Between diaper changes, cooking, cleaning, walking the dog, and many sleepless nights where Evelyn would only fall asleep with me, there were times where it felt like I was doing 90% of the work. Trust me, I hear how it sounds, because it sounds dumb, selfish, and wildly unlikely. The truth is still the truth, though, and I am certain that I am not the only person who has felt this way.
As a new father you are not all that important in the beginning, especially if your better half is breastfeeding. The “job” of a new father is fairly limited as the little one is mostly mommy dependent. Just be helpful, thoughtful, and present. Pretty easy job description. Basically, a status quo scenario.
However, this will change and it will bring new challenges in balancing parental, familial, and work duties. For me, the change occurred when Heather went back to work full time and Evelyn went to daycare.
Suddenly, I had to work different hours to manage daycare drop-offs and/or pick-ups. I was doing tons of cleaning, cooking, dog walking, groceries, baths, bedtimes, midnight feeds, etc. I had entered a brave new world, one where my role as a father was evolving as well as my role as a husband, and provider. This is when I felt like I was carrying 90% of the workload. In my mind, I was doing everything and being told that it still wasn’t enough. It was all getting overwhelming.
Somewhere in the middle of a sleep deprived, reddit-infused, internet binge I came across some insight from another parent. A Redditor (sorry I don’t remember your username) put this stage of parenting into perfect context for me. They said, and I’m paraphrasing here, that you aren’t carrying 90% of the workload even though you feel like you are. You are, however, probably doing 90% more work. And so is your better half.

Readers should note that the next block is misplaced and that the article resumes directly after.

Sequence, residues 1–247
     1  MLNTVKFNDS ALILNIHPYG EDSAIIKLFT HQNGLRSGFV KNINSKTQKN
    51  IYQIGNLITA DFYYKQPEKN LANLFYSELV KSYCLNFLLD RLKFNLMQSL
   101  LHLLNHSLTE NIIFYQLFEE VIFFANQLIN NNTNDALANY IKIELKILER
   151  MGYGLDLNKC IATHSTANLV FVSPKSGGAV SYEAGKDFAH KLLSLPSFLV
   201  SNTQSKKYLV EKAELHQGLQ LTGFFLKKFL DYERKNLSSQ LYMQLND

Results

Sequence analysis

Having a kid results in 180% more work for the household. So, if you feel like you are covering 90% of things, it’s just because you aren’t seeing the other 90% of it. Rest assured your partner is also feeling like they are covering 90% of the new household chores. In reality, you are splitting the new responsibilities 50/50.
Most of this extra work going unrecognized, because it happens when you’re too busy to pay attention or see it happen. Think dishes piling up in the sink. When you see them in the sink it means that something wasn’t done, but if the sink is clean you spare no second thoughts for how, why, or who made it happen. All this work is being done in the background for the benefit of everyone.
The simple idea that the work is being split 90/90 made everything more manageable. It served as a reminder that Heather and I are a team. That we both do everything we can for our new family. That I am not alone and that someone else is looking out for me too, whether I see it happening or not. That context made this whole transition less overwhelming for me and allowed me to be more appreciative of all the work she does as well.
If you find yourself thinking the workload is unevenly divided, I recommend talking about it with your better half. There is a good chance you feel the same way. All you may need is a little 90/90 perspective to make things manageable again.